CHILE – Severe weather conditions have harshly impacted cherry crops in Chile as unexpected rains hit the northern central regions of the country on November 10th, 2023.

This unusual phenomenon, likely linked to El Niño, is particularly rare during the spring and summer months in Chile and could mark the most intense November rains in over a decade.

Walter Masman, an expert cherry consultant, has reported that early varieties, such as Santina and Royal Dawn, are experiencing “extensive damage” due to these unexpected rains.

In response to the challenging situation, Chilean authorities have issued recommendations to preserve as much of the harvest as possible.

Jorge Valenzuela, President of the Chilean Federation of Fruit Producers (Fedefruta), acknowledges the complexity of the scenario for fruit producers in the country.

“Growers are now focused on salvaging as much fruit as possible, with the priority on addressing the immediate challenges posed by the adverse weather conditions,” he stated.

Regarding the impact on export volumes, Valenzuela emphasizes that assessing damage is not currently their primary concern.

“Do not ask us about loss estimates, about price increases, about the dimension of the impact,” he said. Right now the situation is very difficult.

Fedefruta is actively providing technical information to fruit growers to help them navigate this unexpected fruit emergency.

Chilean cherry committee unveils inaugural forecast for 2023/24

In a separate development, the Chilean Cherry Committee released its first forecast for the 2023/24 season.

The committee, representing over 85% of the country’s cherry export volume, estimates that Chile expects to ship 95.4 million (5kg) cartons of cherries during this period.

However, this forecast is subject to change due to recent adverse climatic events, such as the unexpected rainfall affecting production in parts of the country.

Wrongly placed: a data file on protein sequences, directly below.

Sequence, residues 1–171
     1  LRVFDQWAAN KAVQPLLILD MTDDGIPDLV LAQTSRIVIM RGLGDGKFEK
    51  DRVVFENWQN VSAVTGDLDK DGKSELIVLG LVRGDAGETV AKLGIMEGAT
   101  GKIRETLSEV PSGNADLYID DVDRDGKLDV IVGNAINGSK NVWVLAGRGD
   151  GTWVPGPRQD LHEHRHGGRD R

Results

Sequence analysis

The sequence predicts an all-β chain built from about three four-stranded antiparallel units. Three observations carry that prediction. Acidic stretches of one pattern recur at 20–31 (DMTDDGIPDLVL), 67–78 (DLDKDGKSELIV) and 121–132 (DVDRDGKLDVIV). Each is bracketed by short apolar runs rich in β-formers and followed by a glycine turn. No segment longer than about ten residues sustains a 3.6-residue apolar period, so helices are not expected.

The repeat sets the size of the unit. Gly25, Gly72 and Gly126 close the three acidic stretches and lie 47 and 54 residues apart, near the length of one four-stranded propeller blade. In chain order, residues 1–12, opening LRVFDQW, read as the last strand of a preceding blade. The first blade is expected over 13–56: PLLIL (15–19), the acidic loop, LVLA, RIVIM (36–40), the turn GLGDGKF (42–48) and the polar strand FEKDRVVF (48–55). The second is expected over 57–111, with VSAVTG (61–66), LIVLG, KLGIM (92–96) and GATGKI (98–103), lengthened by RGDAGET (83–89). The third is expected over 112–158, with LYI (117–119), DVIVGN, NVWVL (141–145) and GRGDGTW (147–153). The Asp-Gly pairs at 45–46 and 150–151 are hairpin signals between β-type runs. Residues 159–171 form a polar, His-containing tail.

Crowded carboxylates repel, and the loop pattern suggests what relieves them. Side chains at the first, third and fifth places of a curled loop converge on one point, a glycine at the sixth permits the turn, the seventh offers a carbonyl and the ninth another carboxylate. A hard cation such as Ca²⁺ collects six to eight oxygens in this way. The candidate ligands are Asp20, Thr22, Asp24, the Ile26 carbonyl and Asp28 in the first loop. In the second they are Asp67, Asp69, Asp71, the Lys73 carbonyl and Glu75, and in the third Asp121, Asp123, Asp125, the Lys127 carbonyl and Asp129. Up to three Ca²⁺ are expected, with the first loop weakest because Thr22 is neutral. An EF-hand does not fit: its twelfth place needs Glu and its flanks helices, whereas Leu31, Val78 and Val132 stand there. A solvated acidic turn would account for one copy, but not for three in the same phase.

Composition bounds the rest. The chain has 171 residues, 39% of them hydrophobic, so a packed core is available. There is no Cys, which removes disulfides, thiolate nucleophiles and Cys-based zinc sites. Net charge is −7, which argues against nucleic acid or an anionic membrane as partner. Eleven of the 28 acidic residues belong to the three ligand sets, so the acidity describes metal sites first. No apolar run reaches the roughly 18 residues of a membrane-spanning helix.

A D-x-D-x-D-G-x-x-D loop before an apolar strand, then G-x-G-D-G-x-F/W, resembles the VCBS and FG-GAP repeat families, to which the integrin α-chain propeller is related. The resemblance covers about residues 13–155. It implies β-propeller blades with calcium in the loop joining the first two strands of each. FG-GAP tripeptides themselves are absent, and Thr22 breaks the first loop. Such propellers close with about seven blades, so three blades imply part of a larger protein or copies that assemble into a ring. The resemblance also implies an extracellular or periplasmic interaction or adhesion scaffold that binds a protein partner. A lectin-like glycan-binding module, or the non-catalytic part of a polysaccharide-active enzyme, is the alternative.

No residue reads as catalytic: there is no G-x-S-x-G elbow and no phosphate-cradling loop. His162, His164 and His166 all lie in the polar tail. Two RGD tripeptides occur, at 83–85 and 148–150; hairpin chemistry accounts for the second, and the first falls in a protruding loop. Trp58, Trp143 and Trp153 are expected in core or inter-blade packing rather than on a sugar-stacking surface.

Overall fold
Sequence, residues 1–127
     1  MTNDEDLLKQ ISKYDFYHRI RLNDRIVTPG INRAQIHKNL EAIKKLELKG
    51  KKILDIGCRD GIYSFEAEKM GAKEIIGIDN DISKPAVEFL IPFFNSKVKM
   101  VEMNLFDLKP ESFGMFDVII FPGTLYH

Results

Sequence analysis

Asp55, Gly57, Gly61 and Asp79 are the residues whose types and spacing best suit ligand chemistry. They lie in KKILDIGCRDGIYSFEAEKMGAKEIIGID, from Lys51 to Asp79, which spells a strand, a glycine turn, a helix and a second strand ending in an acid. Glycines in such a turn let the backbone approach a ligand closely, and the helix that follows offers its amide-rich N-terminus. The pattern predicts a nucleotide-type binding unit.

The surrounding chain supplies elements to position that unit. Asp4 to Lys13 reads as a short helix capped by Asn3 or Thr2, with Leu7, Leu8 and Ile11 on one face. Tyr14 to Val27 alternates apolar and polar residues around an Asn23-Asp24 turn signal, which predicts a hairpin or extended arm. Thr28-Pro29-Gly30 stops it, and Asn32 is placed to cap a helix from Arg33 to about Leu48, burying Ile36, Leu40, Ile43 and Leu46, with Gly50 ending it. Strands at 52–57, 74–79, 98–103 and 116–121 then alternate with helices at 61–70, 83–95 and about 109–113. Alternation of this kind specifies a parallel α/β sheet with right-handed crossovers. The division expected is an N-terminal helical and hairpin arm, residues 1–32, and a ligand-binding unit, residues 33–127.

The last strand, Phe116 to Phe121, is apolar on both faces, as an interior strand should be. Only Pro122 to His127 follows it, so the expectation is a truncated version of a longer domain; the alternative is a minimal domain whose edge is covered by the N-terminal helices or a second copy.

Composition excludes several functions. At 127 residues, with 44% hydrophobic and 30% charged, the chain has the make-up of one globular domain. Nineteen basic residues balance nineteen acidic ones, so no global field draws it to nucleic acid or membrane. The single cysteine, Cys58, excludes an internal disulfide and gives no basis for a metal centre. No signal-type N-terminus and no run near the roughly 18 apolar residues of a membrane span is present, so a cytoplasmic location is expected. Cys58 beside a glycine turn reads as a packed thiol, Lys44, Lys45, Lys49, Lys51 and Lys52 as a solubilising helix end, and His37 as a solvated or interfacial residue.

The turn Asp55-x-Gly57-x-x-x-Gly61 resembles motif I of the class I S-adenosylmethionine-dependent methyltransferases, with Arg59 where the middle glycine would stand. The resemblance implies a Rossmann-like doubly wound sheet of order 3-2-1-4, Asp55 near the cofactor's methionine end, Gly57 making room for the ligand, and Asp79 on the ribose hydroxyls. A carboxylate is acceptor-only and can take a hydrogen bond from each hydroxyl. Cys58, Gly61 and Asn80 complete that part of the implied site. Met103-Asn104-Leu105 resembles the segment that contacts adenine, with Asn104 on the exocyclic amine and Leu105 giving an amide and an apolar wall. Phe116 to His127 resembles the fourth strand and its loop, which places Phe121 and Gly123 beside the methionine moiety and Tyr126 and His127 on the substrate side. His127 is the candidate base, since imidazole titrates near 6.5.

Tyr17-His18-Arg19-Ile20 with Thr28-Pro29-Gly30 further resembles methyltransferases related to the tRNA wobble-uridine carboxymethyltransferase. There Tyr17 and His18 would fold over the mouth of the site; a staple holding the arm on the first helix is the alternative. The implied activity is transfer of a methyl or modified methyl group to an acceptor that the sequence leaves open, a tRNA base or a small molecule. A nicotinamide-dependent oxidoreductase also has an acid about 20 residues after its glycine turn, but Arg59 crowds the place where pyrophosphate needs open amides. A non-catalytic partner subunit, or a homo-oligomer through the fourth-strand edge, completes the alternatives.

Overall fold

Iván Marambio, President of the Association of Fruit Exporters of Chile (Asoex), acknowledges the challenges posed by recent climatic events.

“The estimate, showing a 15% increase from the previous season, is subject to change as the season progresses,” said Marambio.

Despite uncertainties, he expresses confidence in maintaining the quality, size, and flavor of Chilean cherries for global consumers, especially in China, a key destination.

Moreover, the recent weather front in Chile hit production regions just days after harvesting had begun, impacting early fruit coloring and the flowering process of later varieties.

Fedefruta’s Jorge Valenzuela noted the erratic nature of spring rains, posing challenges for many producers, and urged for the implementation of damage limitation measures.

Claudia Soler, Executive Director of the Cherry Committee, highlighted the difficulty in estimating this season’s volumes due to ongoing agroclimatic issues.

“The initial estimate does not account for the recent rains or adjustments for late fruit set and developmental changes,” she explained.

 Peak production is anticipated for week 51, with Soler noting that the later Chinese New Year in 2024 will provide exporters with more time for shipments and less pressure compared to the previous year.

For all the latest fresh produce industry news updates from Africa, the Middle East, and the World, subscribe to our NEWSLETTER, follow us on Twitter and LinkedIn, like us on Facebook, and subscribe to our YouTube channel.